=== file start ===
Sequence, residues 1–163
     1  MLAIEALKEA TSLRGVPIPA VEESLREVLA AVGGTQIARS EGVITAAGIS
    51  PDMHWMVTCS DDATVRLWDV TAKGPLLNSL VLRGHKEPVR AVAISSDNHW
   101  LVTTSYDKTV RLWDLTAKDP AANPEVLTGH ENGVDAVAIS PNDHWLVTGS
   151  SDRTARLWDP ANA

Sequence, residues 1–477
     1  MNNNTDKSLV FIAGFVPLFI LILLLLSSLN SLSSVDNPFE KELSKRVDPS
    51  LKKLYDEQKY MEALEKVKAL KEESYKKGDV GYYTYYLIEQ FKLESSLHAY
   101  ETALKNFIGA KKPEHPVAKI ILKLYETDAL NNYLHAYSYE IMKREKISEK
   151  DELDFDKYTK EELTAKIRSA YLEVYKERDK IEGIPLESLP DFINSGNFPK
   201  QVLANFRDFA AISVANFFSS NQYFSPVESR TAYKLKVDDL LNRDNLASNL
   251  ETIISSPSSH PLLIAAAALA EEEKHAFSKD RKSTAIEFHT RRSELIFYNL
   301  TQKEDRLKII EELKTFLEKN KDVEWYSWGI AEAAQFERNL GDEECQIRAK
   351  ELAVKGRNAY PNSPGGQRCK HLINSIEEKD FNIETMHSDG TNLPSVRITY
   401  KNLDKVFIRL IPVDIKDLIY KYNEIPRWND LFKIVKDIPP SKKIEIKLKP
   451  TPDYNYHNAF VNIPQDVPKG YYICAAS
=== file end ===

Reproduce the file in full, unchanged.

Sequence, residues 1–163
     1  MLAIEALKEA TSLRGVPIPA VEESLREVLA AVGGTQIARS EGVITAAGIS
    51  PDMHWMVTCS DDATVRLWDV TAKGPLLNSL VLRGHKEPVR AVAISSDNHW
   101  LVTTSYDKTV RLWDLTAKDP AANPEVLTGH ENGVDAVAIS PNDHWLVTGS
   151  SDRTARLWDP ANA

Sequence, residues 1–477
     1  MNNNTDKSLV FIAGFVPLFI LILLLLSSLN SLSSVDNPFE KELSKRVDPS
    51  LKKLYDEQKY MEALEKVKAL KEESYKKGDV GYYTYYLIEQ FKLESSLHAY
   101  ETALKNFIGA KKPEHPVAKI ILKLYETDAL NNYLHAYSYE IMKREKISEK
   151  DELDFDKYTK EELTAKIRSA YLEVYKERDK IEGIPLESLP DFINSGNFPK
   201  QVLANFRDFA AISVANFFSS NQYFSPVESR TAYKLKVDDL LNRDNLASNL
   251  ETIISSPSSH PLLIAAAALA EEEKHAFSKD RKSTAIEFHT RRSELIFYNL
   301  TQKEDRLKII EELKTFLEKN KDVEWYSWGI AEAAQFERNL GDEECQIRAK
   351  ELAVKGRNAY PNSPGGQRCK HLINSIEEKD FNIETMHSDG TNLPSVRITY
   401  KNLDKVFIRL IPVDIKDLIY KYNEIPRWND LFKIVKDIPP SKKIEIKLKP
   451  TPDYNYHNAF VNIPQDVPKG YYICAAS